If you make something from this tutorial, please be so kind and show me what you did - in the blogging world, it's all about inspiring each other, isn't it?

You may sell things that you made from this tutorial, but please do not copy this tutorial and post it as your own one.
If you link up to my page, please let me know about it.

I'm linking up this post at Flamingo Toes today - let's see if I'll be featured :)

Freitag, 21. Oktober 2011

Excuses galore

Hello everyone.

Yeah, I know... I promised not to be absent for such a long period of time again, but I just could not get back to my blog, back to writing and so on.

I have been going through some hard times lately and they are still going on, but if I don't get myself to do something to clear mymind and to relax, I will never get back to my old creativity.

After realizing that something that I got hooked on will just not be, all my plans for the future are falling to pieces, actually all my life is falling to pieces. I really can't tell you about all the details, but let's just say that love and hope alone are never enough to keep things going.

But that's the point where I want to get back to blogging:

A few weeks ago, I found a really great quote on the internet (sorry folks, I can't remember where I found it...)

"When your life falls to pieces, try quilting."
And you know what? It's kinda true.
Whenever something seemed to fall apart, I started to sew again... all different things, not only clothes and home decoration, everything.

I haven't been quilting since the beginning of this year around May I think.
Then I read Care's blog and thought that I can do this too.

Said and done:I got started cutting itty bitty pieces of fabric and see what I have done with them:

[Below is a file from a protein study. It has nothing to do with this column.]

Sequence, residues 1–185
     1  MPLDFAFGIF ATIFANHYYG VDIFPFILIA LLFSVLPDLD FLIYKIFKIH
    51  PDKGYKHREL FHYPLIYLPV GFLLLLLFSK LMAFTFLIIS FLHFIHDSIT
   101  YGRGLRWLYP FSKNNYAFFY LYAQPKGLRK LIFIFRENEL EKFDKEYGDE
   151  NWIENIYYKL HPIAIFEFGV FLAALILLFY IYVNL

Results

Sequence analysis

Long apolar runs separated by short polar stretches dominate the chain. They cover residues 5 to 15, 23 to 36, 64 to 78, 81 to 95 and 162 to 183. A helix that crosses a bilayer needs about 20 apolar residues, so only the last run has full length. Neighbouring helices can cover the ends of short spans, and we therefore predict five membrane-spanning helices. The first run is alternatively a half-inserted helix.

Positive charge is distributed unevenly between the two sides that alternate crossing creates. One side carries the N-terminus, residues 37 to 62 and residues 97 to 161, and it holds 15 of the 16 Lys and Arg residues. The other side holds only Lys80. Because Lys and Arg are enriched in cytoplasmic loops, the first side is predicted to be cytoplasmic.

Due to me not knowing techniques to sew a bit faster and to save time on cutting and sewing, I ended up cutting 768 tiny 2,5" squares out of my fabric and sewd them together again. Yes, I know: I coulkd have saved such a bunch of time by cutting strips, sewing two or three together and cutting them afterwards, but I just did not know.

Anyway: I really like it how the quilttop turned out (sorry for me being too lazy to iron the top before taking that last picture).

By now, the quilttop is still rolled up and lying on my closet. I fear to actually quilt itnsince I haven't quilted anything before.

I'm planning to try my quilting skills on some placemats and mug rugs before, but this is still in the "needs to be done" queue.

Before I left the blog for such a long time, I wrote that I have a tutorial ready to be written down and posted. I am working on that one now and I hope that I can post it later on this weekend, but you never know what happens, so I can't promise that.

Perhaps I'll just go and be a bit productive now, sew some small things that I could show you later on.

I'm aiming for at least one posting each week now. Hopefully I can reach that goal.

Thanks for reading my words here.


P.S.: Oh, and I would just *L*O*V*E* to hear your comments on my first quilttop.